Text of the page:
## F Distribution: Ratios of two Independent Estimators

*F*-distribution is a continuous probability distribution (also known as Snedecor’s *F* distribution or the Fisher-Snedecor distribution) which is named in honor of **R.A. Fisher** and **George W. Snedecor**. This distribution arises frequently as the null distribution of a test statistic (hypothesis testing), used to develop confidence interval and in the analysis of variance for comparison of several population means.

If $s_1^2$ and $s_2^2$ are two unbiased estimates of the population variance* σ ^{2 }*obtained from independent samples of size

*n*and

_{1 }*n*respectively from the same normal population, then the mathematically

_{2}*F*-ratio is defined as

\[F=\frac{s_1^2}{s_2^2}=\frac{\frac{(n_1-1)\frac{s_1^2}{\sigma^2}}{v_1}}{\frac{(n_2-1)\frac{s_2^2}{\sigma^2}}{v_2}}\]

where

*v*and

_{1}=n_{1}-1*v*. Since $\chi_1^2=(n_1-1)\frac{s_1^2}{\sigma^2}$ and $\chi_2^2=(n_2-1)\frac{s_2^2}{\sigma^2}$ are distributed independently as $\chi^2$ with $v_1$ and $v_2$ degree of freedom respectively, we have

_{2}=n_{2}-1\[F=\frac{\frac{\chi_1^2}{v_1}}{\frac{\chi_2^2}{v_2}}\]

So, *F* Distribution is the ratio of two independent Chi-square ($\chi^2$) statistics each divided by their respective degree of freedom.

### F Distribution Properties

- This takes only non-negative values since the numerator and denominator of the
*F*-ratio are squared quantities.

- The range of
*F*values is from 0 to infinity. - The shape of the
*F*-curve depends on the parameters*v*and_{1}*v*(its nominator and denominator df). It is non-symmetrical and skewed to the right (positive skewed) distribution. It tends to become more and more symmetric when one or both of the parameter values (_{2}*v*) increase, as shown in the following figure._{1}, v_{2}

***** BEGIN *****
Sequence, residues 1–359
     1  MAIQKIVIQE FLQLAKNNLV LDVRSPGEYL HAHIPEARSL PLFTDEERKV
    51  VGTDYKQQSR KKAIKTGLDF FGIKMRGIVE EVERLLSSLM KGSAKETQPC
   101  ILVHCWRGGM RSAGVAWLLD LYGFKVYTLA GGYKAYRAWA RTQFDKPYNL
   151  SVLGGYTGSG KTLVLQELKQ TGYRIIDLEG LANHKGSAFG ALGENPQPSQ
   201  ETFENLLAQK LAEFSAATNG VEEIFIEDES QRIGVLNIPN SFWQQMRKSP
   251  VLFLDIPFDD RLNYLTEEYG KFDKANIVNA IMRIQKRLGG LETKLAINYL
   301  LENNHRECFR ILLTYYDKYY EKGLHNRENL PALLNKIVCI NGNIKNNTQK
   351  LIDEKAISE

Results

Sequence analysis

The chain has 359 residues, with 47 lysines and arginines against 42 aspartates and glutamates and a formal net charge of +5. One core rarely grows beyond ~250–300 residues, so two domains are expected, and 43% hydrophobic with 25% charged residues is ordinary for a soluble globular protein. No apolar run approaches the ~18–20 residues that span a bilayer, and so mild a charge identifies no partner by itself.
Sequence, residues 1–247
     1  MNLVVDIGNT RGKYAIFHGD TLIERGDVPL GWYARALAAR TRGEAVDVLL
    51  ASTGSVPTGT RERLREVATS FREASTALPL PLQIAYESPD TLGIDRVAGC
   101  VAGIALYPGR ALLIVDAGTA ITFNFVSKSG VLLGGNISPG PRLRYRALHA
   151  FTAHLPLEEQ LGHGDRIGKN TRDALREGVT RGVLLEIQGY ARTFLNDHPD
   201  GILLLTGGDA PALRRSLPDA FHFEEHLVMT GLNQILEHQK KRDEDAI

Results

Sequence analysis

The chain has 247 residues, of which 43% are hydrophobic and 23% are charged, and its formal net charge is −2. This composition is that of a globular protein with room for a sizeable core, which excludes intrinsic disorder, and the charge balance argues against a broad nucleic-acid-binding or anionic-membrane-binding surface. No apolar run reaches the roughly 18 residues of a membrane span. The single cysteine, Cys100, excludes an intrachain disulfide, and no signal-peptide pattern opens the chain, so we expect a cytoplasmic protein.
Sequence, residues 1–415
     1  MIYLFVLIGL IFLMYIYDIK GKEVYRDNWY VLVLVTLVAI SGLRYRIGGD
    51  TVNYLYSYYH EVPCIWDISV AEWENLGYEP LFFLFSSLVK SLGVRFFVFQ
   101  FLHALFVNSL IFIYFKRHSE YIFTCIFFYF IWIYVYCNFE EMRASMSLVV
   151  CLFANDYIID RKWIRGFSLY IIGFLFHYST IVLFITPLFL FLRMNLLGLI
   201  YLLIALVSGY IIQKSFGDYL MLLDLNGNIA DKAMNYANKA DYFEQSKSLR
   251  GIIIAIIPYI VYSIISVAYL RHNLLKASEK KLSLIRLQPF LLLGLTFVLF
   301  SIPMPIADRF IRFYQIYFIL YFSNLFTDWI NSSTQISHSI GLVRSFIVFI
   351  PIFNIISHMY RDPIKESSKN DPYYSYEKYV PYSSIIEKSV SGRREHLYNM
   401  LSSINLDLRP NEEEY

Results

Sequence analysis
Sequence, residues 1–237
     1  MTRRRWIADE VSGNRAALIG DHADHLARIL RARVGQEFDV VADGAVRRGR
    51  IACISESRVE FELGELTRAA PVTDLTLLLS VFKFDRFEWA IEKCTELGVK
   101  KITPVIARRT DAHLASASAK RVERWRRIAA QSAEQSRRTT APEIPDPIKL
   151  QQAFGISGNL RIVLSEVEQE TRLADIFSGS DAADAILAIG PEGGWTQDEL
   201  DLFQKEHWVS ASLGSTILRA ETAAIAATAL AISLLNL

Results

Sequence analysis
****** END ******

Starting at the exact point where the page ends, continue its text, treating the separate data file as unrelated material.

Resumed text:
- It is asymptotic. As
*X*values increase, the F-curve approaches the X-axis but never crosses it or touches it (similar behavior to the normal probability distribution). *F*have a unique mode at the value \[\tilde{F}=\frac{v_2(v_2-2)}{v_1(v_2+2)},\quad (v_2>2)\] which is always less than unity.- The mean of
*F*is $\mu=\frac{v_2}{v_2-2},\quad (v_2>2)$ - The variance of
*F*is \[\sigma^2=\frac{2v_2^2(v_1+v_2-2)}{v_1(v_2-2)(v_2-4)},\quad (v_2>4)\]

### Assumptions of F Distribution

The statistical procedure of comparing the variances of two populations has assumptions

- The two populations (from which the samples are drawn) follow Normal distribution
- The two samples are random samples drawn independently from their respective populations.

The statistical procedure of comparing three or more populations has assumptions

- The population follows the Normal distribution
- The population has equal standard deviations
*σ* - The populations are independent of each other.

*Note*

*Note*

This distribution is relatively insensitive to violations of the assumptions of normality of the parent population or the assumption of equal variances.

### Use of F Distribution Table

For a given (specified) level of significance α, $F_\alpha(v_1,v_2)$ symbol is used to represent the upper (right-hand side) 100% point of an F distribution having $v_1$ and $v_2$ df.

The lower (left-hand side) percentage point can be found by taking the reciprocal of the F-value corresponding to the upper (right-hand side) percentage point, but the number of df is interchanged i.e. \[F_{1-\alpha}(v_1,v_2)=\frac{1}{F_\alpha(v_2,v_1)}\]

The distribution for the variable *F* is given by

\[Y=k.F^{(\frac{v_1}{2})-1}\left(1+\frac{F}{v_2}\right)^{-\frac{(v_1+v_2)}{2}}\]

**References:**

- http://en.wikibooks.org/wiki/Statistics/Distributions/F
- http://en.wikipedia.org/wiki/F-distribution
- http://www.itl.nist.gov/div898/handbook/eda/section3/eda3665.htm

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